Jump on, jump in, jump out. (JUMP AND LAND WITH ONE FOOT ON TOP OF EACH SIDE OF THE BAND, JUMP INTO THE MIDDLE, JUMP BACK OUT)
At first, the holders place the band around their ankles (only an inch or two off the ground). The jumper has to perfectly complete the jump sequence four times, once jumping, once jumping and clapping the rhyme rhythm, once jumping and snapping, and once jumping with here eyes closed. When the jumper masters the ankle level, the holders move the band up to knees and finally to their waists.
There were rumors of people advancing to neck level, but I think they had to be an urban legend. No kid can beat Blindsies at waist-height.
GHOSTS IN THE GRAVEYARD/BLOODY MURDER
Needed: 4 or more kids, best in a neighborhood setting
Neither of these are particularly PC names for kids’ games, but it was the 80s so nobody cared. First, you must establish home base; it can be a porch or a tree or a swing set, whatever. Choose one player to be It. She closes her eyes and begins to count slowly, “One o’clock. Two o’clock. Three o’clock….” all the way to midnight. During this time, all the other players must run and find hiding places. When the It player calls out “Midnight!” the rest of the players try to run for home base before It catches them.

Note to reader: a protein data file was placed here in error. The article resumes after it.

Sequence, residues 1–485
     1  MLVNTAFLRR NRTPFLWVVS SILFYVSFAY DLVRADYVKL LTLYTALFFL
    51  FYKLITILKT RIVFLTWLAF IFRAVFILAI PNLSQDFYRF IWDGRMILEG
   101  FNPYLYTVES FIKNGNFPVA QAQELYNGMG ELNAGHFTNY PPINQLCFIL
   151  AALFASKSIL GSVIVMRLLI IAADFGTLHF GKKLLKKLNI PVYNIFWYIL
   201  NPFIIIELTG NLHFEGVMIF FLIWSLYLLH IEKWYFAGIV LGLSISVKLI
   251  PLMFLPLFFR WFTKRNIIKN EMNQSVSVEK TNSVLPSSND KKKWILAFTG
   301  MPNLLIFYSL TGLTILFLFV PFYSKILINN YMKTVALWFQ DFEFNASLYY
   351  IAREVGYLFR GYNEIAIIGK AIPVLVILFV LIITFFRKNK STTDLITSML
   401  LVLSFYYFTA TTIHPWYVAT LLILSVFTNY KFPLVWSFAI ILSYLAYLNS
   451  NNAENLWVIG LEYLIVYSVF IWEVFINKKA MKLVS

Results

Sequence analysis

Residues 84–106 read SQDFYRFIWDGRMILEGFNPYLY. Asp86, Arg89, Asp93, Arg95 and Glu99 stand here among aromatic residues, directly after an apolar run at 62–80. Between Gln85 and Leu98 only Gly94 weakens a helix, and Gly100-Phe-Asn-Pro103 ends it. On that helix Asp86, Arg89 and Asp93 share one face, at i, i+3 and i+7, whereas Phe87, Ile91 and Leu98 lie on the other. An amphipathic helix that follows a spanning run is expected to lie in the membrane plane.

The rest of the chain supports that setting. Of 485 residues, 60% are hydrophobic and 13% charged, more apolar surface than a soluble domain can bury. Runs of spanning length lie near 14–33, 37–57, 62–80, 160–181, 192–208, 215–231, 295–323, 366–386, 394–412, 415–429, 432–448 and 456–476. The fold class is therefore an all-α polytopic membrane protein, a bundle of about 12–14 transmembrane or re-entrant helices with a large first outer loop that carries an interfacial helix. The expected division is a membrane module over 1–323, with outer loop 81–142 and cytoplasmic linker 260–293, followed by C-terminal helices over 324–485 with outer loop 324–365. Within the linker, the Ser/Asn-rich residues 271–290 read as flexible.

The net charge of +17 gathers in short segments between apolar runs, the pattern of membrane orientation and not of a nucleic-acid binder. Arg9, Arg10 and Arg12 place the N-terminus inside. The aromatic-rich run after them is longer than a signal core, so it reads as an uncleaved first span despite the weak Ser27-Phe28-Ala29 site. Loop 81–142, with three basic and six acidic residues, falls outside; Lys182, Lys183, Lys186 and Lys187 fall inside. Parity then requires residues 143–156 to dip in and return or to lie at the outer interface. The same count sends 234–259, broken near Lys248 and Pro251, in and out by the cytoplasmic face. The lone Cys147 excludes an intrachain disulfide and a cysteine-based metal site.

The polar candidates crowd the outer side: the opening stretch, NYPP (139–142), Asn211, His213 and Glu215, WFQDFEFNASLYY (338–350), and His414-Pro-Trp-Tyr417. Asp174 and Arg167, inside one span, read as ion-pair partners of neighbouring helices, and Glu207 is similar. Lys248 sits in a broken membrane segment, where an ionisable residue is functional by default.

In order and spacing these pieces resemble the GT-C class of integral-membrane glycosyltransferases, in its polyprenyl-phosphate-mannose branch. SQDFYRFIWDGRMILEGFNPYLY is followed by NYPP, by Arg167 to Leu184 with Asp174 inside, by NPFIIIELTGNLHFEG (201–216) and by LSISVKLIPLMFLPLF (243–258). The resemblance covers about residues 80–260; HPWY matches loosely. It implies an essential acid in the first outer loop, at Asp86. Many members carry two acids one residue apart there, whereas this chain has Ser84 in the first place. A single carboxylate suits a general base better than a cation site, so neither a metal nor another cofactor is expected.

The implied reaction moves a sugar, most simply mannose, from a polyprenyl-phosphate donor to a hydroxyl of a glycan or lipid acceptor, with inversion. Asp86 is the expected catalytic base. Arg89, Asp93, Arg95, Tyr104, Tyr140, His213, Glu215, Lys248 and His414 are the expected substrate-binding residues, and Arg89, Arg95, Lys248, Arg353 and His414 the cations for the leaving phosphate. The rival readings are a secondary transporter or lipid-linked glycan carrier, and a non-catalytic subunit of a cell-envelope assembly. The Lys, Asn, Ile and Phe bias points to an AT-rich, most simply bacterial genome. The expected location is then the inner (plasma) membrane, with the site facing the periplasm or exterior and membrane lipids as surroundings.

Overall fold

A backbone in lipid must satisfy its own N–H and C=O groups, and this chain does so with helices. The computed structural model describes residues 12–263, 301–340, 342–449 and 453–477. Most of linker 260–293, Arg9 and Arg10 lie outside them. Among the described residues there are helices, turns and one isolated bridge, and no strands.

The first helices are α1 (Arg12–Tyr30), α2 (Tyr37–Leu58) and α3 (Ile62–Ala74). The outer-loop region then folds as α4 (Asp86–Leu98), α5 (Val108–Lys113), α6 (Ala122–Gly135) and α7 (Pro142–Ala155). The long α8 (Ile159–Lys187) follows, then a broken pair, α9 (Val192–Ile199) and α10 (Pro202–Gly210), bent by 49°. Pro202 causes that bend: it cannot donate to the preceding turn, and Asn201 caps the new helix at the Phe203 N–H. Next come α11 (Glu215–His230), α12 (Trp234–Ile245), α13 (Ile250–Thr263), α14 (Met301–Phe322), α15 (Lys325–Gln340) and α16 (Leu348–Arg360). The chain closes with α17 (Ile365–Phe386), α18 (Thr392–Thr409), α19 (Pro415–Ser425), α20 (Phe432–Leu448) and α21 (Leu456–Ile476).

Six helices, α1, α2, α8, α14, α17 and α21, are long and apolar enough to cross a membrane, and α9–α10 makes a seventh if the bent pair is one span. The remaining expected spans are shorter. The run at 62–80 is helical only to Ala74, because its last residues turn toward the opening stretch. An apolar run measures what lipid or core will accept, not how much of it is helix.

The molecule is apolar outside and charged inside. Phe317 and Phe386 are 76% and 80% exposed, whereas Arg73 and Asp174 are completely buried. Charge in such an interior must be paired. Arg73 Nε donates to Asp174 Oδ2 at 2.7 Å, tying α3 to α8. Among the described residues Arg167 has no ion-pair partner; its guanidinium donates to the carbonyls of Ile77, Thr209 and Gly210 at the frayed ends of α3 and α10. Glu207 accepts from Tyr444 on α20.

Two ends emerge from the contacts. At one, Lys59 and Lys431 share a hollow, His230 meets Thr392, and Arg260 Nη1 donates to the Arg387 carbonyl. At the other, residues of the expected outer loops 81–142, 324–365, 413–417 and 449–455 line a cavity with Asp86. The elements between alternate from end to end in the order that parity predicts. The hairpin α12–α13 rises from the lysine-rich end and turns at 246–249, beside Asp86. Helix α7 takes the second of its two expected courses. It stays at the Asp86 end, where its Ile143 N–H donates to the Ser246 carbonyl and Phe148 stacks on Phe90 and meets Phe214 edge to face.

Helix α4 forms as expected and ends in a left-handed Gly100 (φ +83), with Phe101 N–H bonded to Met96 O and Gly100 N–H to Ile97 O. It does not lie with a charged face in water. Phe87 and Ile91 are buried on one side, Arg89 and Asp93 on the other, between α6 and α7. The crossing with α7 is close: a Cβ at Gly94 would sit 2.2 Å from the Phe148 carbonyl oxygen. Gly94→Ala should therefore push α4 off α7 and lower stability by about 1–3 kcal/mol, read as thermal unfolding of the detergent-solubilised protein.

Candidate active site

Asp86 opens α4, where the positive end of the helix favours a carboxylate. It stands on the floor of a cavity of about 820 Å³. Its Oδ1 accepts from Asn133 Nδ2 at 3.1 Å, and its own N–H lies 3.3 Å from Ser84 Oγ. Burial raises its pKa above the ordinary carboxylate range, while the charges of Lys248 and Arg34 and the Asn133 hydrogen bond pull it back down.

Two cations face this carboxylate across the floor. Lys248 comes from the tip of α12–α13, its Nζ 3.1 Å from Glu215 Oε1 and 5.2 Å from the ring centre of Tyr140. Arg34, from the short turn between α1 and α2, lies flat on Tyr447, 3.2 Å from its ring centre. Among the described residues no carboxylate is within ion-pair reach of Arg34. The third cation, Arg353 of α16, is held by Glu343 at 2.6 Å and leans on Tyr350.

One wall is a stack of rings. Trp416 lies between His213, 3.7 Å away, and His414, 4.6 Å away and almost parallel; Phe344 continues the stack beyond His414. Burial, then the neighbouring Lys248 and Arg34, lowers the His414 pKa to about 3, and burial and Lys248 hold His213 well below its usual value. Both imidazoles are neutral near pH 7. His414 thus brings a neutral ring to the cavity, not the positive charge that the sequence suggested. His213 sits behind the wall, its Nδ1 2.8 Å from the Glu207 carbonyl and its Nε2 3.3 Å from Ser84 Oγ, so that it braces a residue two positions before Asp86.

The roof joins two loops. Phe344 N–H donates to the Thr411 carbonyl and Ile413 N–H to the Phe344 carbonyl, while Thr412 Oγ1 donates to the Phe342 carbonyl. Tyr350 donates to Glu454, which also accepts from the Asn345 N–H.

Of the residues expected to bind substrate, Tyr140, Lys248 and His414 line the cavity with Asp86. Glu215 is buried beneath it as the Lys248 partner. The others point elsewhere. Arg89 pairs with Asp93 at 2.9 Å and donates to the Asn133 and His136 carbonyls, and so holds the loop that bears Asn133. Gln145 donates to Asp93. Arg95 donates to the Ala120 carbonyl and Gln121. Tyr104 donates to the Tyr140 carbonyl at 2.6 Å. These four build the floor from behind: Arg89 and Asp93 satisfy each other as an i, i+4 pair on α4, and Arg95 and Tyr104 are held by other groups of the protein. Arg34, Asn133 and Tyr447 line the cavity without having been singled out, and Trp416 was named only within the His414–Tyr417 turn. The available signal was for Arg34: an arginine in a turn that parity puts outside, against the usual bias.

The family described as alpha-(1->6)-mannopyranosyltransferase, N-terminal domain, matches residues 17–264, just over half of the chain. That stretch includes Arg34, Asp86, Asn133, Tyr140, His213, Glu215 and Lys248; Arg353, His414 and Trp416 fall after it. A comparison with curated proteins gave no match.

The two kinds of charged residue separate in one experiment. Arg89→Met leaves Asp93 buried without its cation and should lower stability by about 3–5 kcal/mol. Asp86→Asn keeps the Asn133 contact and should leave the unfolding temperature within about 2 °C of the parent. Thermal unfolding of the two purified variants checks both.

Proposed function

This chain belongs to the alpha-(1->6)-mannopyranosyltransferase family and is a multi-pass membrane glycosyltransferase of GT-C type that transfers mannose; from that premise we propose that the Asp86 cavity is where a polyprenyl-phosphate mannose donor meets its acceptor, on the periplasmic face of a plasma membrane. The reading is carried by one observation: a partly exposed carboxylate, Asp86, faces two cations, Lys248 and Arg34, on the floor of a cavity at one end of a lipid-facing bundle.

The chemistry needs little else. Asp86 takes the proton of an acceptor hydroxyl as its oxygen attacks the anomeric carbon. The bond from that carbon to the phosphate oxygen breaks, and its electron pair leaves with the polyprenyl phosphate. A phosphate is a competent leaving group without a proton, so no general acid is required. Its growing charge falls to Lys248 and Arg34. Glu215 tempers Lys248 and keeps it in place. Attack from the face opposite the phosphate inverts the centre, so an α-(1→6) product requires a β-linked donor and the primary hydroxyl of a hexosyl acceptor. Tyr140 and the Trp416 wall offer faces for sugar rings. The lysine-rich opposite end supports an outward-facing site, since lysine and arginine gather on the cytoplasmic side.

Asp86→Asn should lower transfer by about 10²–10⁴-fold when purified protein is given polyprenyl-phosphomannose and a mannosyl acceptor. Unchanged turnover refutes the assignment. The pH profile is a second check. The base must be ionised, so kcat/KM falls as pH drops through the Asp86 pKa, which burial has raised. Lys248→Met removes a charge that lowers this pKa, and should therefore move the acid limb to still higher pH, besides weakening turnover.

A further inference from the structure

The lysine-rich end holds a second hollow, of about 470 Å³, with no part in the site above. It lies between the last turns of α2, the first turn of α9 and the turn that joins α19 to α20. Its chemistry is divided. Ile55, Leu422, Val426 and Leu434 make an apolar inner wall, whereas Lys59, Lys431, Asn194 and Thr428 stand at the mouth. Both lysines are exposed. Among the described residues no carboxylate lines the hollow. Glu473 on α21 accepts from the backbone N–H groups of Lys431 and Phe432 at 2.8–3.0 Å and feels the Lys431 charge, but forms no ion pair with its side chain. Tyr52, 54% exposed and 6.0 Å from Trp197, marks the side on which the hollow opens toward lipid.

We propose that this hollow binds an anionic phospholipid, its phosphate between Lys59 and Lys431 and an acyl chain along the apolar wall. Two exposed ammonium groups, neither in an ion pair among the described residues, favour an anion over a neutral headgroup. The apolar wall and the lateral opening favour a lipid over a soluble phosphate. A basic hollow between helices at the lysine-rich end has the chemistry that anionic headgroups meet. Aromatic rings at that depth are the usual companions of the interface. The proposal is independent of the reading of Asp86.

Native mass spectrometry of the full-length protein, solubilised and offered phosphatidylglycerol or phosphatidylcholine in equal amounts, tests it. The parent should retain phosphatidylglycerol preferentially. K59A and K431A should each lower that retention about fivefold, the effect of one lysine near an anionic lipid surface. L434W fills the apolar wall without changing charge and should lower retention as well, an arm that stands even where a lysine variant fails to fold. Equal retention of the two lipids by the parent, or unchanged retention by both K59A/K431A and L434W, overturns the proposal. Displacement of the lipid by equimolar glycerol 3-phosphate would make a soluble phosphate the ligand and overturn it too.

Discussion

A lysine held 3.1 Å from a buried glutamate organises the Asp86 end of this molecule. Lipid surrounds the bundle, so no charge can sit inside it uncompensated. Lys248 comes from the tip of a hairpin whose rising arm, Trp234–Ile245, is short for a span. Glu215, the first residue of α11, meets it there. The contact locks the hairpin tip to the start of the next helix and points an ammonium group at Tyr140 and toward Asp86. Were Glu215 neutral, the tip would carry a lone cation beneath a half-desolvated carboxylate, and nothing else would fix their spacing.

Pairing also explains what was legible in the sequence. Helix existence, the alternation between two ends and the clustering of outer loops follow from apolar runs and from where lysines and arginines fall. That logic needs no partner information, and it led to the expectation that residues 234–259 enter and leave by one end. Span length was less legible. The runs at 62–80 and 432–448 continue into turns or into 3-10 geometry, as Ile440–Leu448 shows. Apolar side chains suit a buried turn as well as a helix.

Alternately, the It player is the one to hide, while all other players count to midnight. Then the non-It players reluctantly search for the “murderer” until they find him. The non-It player who finds him yells, “Bloody Murder!” and all non-It players run for home base. If a player is caught, he must be It in the next round.
So there you go. Seven perfectly good backyard games that your kids might not even know exist. Teach them the rules to these games, and they have a summer of fun waiting for them. And, maybe you can finally get some peace and quiet in the house!
More ways to keep your kids occupied this summer: